The Modern Jazz Room, 2230 E. 4th Street (at Huron), downtown Cleveland — there’s a parking lot there now I understand, the marquee in this shot says Cleveland Comedy Club, but from 1957 to 1961 the jazz artists that worked there is staggering, and for a couple years before that the spot was known as The Cotton Club, with players like Art Tatum, Jack Teagarden, Bud Powell, Mingus, Jay & Kai, Sonny Rollins, too many to list, Clifford Brown & Max have recordings from this club — photo by Mark Weber — November 26, 1988
THE THURSDAY JAZZ RADIO SHOW
February 12, 2o15 – Jazz @ Noon every Thursday (starts at 12:07 after the satellite news) Host MARK WEBER – KUNM Albuquerque, USA – 89.9 FM (Mountain Standard Time) also streaming on the web > KUNM.org – Current time zone offset: UTC*/GMT -6 hours (*Coordinated Universal Time)/Greenwich Mean Time)
THE SUBDIVISIONS OF TIME JAZZ RADIO SHOW
If you had to define jazz in one sentence:
It’s all about time and the displacement of time.
If you think about it, even
the craziest arrhythmical rubato
non-time things can be written out
in time —-
In the grand scheme of things
everything is “in time”
space . . . .
But that’s a whole other thing . . . .
Cal was telling me the other day
that probably Charlie Parker would be the most
extreme example of the subdivisions of time,
dividing the beat as intricately finite as 1/64th.
I said how I have a theory that Bird could
slow time down in his mind whereby he could
see all of those subdivisions in slow motion.
Ornette Coleman & Prime Time — Charles Ellerbee & Bern Nix, guitars; Jmaaladeen Tacuma & Al MacDowell, electric basses; Sabir & Denardo, drums — photo by Mark Weber — June 27, 1986 at Wolfgang’s on Columbus Avenue (North Beach), San Francisco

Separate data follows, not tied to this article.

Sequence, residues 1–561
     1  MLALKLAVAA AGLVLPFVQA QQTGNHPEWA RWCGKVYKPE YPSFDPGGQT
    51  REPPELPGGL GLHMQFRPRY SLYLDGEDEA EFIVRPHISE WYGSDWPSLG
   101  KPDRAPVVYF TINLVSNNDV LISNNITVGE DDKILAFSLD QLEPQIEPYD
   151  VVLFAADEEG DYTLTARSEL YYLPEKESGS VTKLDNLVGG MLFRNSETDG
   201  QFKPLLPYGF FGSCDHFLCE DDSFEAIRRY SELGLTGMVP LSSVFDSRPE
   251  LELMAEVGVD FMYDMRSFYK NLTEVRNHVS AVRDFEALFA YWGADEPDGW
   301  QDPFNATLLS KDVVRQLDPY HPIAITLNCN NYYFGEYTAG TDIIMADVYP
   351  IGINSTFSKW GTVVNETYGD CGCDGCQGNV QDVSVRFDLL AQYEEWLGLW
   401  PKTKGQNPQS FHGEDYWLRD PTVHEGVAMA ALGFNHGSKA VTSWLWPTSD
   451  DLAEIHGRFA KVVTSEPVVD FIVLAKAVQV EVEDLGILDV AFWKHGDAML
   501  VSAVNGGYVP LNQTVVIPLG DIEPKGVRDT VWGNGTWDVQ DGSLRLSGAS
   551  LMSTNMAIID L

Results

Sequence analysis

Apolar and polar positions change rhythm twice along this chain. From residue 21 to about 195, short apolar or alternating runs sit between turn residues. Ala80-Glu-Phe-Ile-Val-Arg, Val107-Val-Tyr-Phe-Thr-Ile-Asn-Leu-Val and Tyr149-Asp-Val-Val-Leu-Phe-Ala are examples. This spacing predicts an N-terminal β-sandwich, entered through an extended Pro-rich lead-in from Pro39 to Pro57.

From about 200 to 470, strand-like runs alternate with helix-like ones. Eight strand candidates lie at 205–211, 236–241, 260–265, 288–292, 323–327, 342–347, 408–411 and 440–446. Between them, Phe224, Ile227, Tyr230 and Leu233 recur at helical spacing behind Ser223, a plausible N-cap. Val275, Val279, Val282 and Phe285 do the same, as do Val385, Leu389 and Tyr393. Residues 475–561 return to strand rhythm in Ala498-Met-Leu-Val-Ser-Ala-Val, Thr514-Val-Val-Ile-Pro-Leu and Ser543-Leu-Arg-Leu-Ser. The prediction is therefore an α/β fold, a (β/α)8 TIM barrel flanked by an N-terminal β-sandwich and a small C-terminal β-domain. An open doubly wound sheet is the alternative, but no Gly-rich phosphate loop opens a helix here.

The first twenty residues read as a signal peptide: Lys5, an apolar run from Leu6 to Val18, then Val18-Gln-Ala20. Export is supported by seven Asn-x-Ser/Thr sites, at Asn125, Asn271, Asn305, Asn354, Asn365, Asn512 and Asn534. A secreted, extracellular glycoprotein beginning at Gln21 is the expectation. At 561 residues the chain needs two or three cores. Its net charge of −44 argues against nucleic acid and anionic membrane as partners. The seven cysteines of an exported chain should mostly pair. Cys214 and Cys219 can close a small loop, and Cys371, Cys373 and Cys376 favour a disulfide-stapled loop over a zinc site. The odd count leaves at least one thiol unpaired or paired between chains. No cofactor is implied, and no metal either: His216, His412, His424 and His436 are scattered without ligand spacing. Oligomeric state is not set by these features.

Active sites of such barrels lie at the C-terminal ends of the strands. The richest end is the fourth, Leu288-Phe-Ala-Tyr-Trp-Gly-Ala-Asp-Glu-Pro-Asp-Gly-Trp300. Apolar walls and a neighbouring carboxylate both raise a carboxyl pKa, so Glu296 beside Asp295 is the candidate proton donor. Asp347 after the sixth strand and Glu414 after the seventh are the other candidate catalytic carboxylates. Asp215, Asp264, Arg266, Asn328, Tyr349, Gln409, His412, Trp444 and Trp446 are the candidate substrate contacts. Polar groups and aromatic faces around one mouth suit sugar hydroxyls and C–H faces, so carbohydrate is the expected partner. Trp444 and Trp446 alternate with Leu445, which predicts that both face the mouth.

Roberto Miranda with band members of Vous et Swing: Richard Davis, the trumpeter, far right, and the leader Ron Jefferson with glasses (the guy in brown leather jacket holding an alto is Gary Bartz) — photo by Mark Weber — Los Angeles — April 22, 1978 —- Roberto has played bass for Bobby Bradford since Lincoln’s Gettysburg Address (which we’ll listen to today in a hipster rendition by Lord Buckley), the first time I ever heard Roberto he was subbing for Mark Dresser in Stanley Crouch’s Black Music Infinity in May of 1975
I forgot to jot this guy’s name down in my notebook and now I can’t remember it — downtown Cleveland in front of the Terminal Tower on Public Square —- May 1989 — photo by Mark Weber
Jackson Pollock’s record player —- When Janet’s sisters asked me if I wanted to go see Jackson Pollock’s house in Springs, New York, I was already sitting in the car before the last words got out of their mouths —- I used to be a fanatic about Jackson Pollock’s paintings and wrote a big long paper in high school for my psychology class on his work (got an A!) —- Jackson was a jazz head, frequenting jazz clubs on Manhattan, and collecting records (the lower shelf, not in this image, has about a 150 records) —- I asked Fred Cohen if that edition of Monk was on the streets in 1956 and he said most certainly, which means that was Jackson’s copy! (Fred is the author of BLUE NOTE RECORDS A Guide For Identifying Original Pressings)—- those books in the photo are obviously of another vintage —- Jackson died not far from this house: 530 Fireplace Road, Springs, Long Island, on August 11, 1956 — his wife Lee Krasner lived there for many more years after Jackson ran into that tree —- photo by Mark Weber — July 1, 1995
Two great trombonists: Benny Powell and Glenn Ferris — October 28, 1979 Los Angeles — photo by Mark Weber